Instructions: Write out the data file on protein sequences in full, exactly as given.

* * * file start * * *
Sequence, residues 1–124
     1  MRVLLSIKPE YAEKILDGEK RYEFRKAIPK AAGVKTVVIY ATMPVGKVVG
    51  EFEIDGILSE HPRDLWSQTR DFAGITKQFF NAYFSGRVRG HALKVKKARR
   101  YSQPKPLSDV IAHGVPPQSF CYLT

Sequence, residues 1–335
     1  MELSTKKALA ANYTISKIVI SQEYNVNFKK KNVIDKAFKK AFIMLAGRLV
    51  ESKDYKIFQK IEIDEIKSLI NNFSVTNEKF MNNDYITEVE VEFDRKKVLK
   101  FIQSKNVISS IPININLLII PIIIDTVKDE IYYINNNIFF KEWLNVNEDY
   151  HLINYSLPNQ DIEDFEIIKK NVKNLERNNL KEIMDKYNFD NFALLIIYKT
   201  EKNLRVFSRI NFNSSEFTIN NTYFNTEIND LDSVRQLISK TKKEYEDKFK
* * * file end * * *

Sequence, residues 1–124
     1  MRVLLSIKPE YAEKILDGEK RYEFRKAIPK AAGVKTVVIY ATMPVGKVVG
    51  EFEIDGILSE HPRDLWSQTR DFAGITKQFF NAYFSGRVRG HALKVKKARR
   101  YSQPKPLSDV IAHGVPPQSF CYLT

Sequence, residues 1–335
     1  MELSTKKALA ANYTISKIVI SQEYNVNFKK KNVIDKAFKK AFIMLAGRLV
    51  ESKDYKIFQK IEIDEIKSLI NNFSVTNEKF MNNDYITEVE VEFDRKKVLK
   101  FIQSKNVISS IPININLLII PIIIDTVKDE IYYINNNIFF KEWLNVNEDY
   151  HLINYSLPNQ DIEDFEIIKK NVKNLERNNL KEIMDKYNFD NFALLIIYKT
   201  EKNLRVFSRI NFNSSEFTIN NTYFNTEIND LDSVRQLISK TKKEYEDKFK